Senator Michael Opeyemi Bamidele
(Ekiti Central Senatorial District)
Chairman, Senate Committee on Judiciary, Human Rights and Legal Matters; and
Member, Senate Committee on INEC.

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Buhari Pledge to Rescue Kaduna Train Attack Hostages

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President Muhammadu Buhari
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President Muhammadu Buhari on Thursday assured to rescue 31 hostages taken in a train attack and return them “safe and unhurt”, his office said, five months after their abduction.

Gangs of bandits with no ideological or religious motives are known to kidnap for ransom in northwest and central Nigeria.

On March 28, armed men blew up a train travelling between Abuja and Kaduna and opened fire, killing eight people, wounding 26, and taking an unspecified number of passengers hostage.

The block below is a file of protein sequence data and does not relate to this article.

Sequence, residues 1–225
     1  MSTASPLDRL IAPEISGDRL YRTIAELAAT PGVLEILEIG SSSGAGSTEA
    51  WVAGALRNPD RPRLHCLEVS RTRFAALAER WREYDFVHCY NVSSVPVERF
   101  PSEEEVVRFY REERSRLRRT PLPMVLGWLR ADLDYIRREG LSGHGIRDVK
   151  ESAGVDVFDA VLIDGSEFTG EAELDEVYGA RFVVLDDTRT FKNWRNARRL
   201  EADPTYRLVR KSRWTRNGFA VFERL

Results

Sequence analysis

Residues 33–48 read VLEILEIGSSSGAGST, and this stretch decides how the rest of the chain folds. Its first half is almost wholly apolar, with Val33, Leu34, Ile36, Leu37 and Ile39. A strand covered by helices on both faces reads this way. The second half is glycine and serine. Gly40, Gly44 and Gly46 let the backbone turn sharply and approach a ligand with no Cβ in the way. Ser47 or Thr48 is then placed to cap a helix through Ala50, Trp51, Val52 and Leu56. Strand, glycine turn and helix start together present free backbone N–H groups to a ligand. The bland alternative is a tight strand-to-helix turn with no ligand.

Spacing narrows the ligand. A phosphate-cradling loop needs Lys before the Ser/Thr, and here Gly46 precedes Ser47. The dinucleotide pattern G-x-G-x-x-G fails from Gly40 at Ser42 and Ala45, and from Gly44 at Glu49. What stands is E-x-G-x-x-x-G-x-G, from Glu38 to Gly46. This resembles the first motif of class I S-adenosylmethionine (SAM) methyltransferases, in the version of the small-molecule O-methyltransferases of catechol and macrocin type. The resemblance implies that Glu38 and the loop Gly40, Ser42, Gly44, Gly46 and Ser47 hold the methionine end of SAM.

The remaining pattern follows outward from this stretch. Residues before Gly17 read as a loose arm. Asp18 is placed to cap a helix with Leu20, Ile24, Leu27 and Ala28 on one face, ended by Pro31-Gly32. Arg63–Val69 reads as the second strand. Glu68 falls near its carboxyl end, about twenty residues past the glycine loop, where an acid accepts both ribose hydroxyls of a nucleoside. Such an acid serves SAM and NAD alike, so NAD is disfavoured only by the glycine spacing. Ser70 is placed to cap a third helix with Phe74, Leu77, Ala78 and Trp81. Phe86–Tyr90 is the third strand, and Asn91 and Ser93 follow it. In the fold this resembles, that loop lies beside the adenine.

A week later, they freed one hostage — a top bank executive — as a goodwill gesture for Ramadan, the Muslim holy month of fasting, because of his “advanced age”.

Dozens of hostages have already been freed following negotiations, but 31 remain in the kidnappers den.

“I have been informed that at last count, there remain about 31 people in the hands of the kidnappers,” Buhari told representatives of the families of the hostages in Abuja on Thursday.

He said his government would ensure the safe return of the remaining hostages to their families.

“My primary concern is to get everyone released safe and unhurt,” he assured.